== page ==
It’s elementary: Teachers of the one-room school
By Kris Leonhardt
“Since the schools are supported in part by local taxation, their condition may be taken as an index to the prosperity, liberality, and public spirit of the people. Hence, citizens of Clark County point with pride to the white school houses that dot the green sward of the playgrounds at short intervals along every highway. In many districts the first schoolhouse was built of logs as it could be quickly and cheaply constructed, but few of these remain, and the neatly painted frame buildings and the substantial brick structures put to shame many older communities in less progressive lands.” — 1890 Clark County School Superintendent Geo E. Crothers.
These words by Crothers reflect the progressiveness of the public school system in Wisconsin’s early days. In the early 1840s Wisconsin territorial legislature passed laws for the formation of school districts, school tax levies, and commissioners to oversee teachers’ exams and school inspections.
However, it was the communities that ultimately provided for the children’s education. Schools were locally controlled and often privately funded due to low public support. The communities were responsible for the hiring of teachers and the construction of school facilities.
When Article X of the Wisconsin Constitution was created in 1848, Wisconsin became a forerunner in providing free education. Article X provided for free public schools for all children ages 4 to 18 with local taxes for school support. It was not until 1865 that free education was available throughout the United States.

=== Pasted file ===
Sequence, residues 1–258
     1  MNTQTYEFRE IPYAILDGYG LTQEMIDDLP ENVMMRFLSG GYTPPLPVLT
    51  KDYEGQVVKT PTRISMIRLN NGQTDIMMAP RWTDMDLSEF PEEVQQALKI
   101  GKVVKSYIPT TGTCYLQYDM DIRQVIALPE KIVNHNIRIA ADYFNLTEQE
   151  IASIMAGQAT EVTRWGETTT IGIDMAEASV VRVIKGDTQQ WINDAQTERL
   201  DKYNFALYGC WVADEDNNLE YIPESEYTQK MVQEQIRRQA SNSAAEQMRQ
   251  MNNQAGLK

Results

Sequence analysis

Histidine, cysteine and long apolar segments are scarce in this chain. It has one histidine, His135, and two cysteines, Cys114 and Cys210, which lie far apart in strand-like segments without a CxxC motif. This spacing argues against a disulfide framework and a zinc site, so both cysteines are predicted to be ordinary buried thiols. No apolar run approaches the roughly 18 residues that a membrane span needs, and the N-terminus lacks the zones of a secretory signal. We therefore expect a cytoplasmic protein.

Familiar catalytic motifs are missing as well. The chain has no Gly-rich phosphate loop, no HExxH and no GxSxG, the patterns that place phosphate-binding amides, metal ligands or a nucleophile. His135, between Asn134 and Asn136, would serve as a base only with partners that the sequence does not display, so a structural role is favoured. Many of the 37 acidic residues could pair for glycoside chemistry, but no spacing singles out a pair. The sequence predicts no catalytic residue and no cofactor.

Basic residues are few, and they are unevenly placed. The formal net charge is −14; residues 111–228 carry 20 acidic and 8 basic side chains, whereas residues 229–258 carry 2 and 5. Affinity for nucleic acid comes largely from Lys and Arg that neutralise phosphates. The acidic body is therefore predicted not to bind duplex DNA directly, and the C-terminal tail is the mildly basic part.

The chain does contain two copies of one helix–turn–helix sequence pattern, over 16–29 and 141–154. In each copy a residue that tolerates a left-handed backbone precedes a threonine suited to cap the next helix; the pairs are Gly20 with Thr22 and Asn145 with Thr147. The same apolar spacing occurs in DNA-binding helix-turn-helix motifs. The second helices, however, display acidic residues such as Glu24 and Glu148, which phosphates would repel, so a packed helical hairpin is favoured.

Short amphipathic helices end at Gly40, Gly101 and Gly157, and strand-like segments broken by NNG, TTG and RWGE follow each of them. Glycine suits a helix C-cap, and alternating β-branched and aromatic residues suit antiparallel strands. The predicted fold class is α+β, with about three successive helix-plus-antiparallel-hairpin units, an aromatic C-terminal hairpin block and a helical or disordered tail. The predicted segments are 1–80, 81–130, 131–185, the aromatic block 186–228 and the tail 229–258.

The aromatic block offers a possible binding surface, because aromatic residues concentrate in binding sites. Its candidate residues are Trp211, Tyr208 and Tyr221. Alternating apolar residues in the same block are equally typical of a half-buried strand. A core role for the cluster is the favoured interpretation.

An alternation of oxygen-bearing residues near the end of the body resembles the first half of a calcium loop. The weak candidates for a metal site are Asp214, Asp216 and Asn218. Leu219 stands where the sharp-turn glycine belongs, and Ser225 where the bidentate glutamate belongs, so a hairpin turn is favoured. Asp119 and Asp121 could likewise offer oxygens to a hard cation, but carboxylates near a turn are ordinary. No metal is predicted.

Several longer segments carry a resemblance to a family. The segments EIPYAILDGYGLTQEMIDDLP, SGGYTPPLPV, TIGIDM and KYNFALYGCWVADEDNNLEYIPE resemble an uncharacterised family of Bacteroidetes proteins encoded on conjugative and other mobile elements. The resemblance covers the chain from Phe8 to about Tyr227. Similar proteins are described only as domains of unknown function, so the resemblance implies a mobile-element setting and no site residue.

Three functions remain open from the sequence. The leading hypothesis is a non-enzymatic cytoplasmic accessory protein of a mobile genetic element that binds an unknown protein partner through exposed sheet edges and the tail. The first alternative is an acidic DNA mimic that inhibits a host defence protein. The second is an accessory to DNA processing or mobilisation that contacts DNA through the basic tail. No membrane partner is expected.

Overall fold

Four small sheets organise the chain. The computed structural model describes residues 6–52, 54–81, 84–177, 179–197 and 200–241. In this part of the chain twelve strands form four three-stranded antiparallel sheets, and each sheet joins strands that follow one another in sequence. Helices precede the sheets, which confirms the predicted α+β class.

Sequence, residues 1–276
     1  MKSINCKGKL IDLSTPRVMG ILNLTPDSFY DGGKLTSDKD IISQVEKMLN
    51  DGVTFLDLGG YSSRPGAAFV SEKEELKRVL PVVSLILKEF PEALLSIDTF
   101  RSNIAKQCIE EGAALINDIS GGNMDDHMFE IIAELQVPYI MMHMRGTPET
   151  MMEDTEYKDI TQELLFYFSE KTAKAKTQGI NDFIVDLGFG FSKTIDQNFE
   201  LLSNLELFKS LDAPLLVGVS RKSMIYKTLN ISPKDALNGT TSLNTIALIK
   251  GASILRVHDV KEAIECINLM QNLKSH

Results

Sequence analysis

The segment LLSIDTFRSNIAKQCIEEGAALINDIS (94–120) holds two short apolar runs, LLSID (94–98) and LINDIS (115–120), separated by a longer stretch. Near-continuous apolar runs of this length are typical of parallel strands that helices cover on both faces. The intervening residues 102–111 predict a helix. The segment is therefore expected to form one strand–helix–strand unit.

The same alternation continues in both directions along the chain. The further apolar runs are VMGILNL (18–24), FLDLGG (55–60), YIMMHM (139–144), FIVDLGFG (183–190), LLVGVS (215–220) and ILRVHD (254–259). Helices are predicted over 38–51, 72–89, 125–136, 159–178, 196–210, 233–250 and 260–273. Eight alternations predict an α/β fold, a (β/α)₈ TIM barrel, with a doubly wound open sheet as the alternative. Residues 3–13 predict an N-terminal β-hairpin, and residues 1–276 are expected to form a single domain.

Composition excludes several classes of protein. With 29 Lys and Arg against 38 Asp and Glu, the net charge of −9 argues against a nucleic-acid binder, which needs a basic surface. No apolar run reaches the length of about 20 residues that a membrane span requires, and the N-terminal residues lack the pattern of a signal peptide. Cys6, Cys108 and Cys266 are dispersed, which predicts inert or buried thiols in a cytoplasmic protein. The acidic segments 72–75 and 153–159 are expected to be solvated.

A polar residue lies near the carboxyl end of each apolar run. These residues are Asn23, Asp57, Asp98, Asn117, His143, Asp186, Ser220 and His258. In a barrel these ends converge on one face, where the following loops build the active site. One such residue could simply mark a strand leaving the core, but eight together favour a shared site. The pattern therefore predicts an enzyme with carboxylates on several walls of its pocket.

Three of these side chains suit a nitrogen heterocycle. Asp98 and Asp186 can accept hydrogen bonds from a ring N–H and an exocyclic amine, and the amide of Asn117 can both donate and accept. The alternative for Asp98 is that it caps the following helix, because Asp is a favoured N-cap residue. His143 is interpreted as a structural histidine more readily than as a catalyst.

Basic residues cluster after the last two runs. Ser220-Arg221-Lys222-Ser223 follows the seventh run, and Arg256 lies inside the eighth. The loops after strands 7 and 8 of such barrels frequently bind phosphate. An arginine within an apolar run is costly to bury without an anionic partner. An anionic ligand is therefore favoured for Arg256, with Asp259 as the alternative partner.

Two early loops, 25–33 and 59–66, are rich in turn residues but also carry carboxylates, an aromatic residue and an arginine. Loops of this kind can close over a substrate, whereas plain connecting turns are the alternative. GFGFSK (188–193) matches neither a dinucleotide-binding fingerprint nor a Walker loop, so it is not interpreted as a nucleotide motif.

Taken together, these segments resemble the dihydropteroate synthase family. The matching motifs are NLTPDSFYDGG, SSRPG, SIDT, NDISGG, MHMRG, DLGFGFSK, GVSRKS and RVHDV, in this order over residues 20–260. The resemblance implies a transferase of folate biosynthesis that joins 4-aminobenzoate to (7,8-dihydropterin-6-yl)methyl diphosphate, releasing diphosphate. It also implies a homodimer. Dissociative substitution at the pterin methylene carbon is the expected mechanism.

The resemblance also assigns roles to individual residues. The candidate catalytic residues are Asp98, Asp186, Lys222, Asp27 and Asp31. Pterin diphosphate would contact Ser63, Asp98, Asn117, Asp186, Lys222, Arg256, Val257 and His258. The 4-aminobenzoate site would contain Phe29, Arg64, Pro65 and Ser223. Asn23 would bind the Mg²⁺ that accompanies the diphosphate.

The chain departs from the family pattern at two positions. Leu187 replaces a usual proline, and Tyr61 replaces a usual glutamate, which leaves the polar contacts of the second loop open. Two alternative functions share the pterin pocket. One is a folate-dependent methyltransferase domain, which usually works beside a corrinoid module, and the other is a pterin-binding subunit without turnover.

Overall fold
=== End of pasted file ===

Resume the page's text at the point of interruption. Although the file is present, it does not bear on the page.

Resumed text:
The goals of early schools included building abilities for work and introducing life skills such as good health, moral conduct, and citizenship. In the 1930s there were 6,500 one-room schools in the state of Wisconsin.
Students worked at their desks with either slates or paper with ink and pen. They were given three recesses, one in the morning, the evening, and at lunchtime. Students were also given chores like fetching drinking water, carrying the stove wood, or erasing the blackboard.
The schools had no running water. Drinking water needed to be pumped from the well outside. Students also needed to ask permission to use the outhouse and had to wash their hands in a basin at the back of the school room.
Lessons were given according to ability, not age. Students were permitted to “learn ahead” or listen in on classes given to more advanced students. When classes were missed, students were also allowed to catch up by listening to lessons already given.
Teachers worked for meager pay and changed schools often. They were responsible for all eight grades and gave 20 class sessions per day. The curriculum was often based on the “three R’s:” reading, writing, and arithmetic. Students also received lessons in spelling, penmanship, grammar, history, and geography.
Many times teachers were just barely older than their students, as was the case for Marshfield resident Ivy Sorenson. Sorenson, now 105, was 16 years old when she began her teaching career at the Sunshine School west of Unity.
“I was just 16 years old when I started,” said Sorenson. “Two boys were 15 and in the eighth grade.”
Next week: The life of a school teacher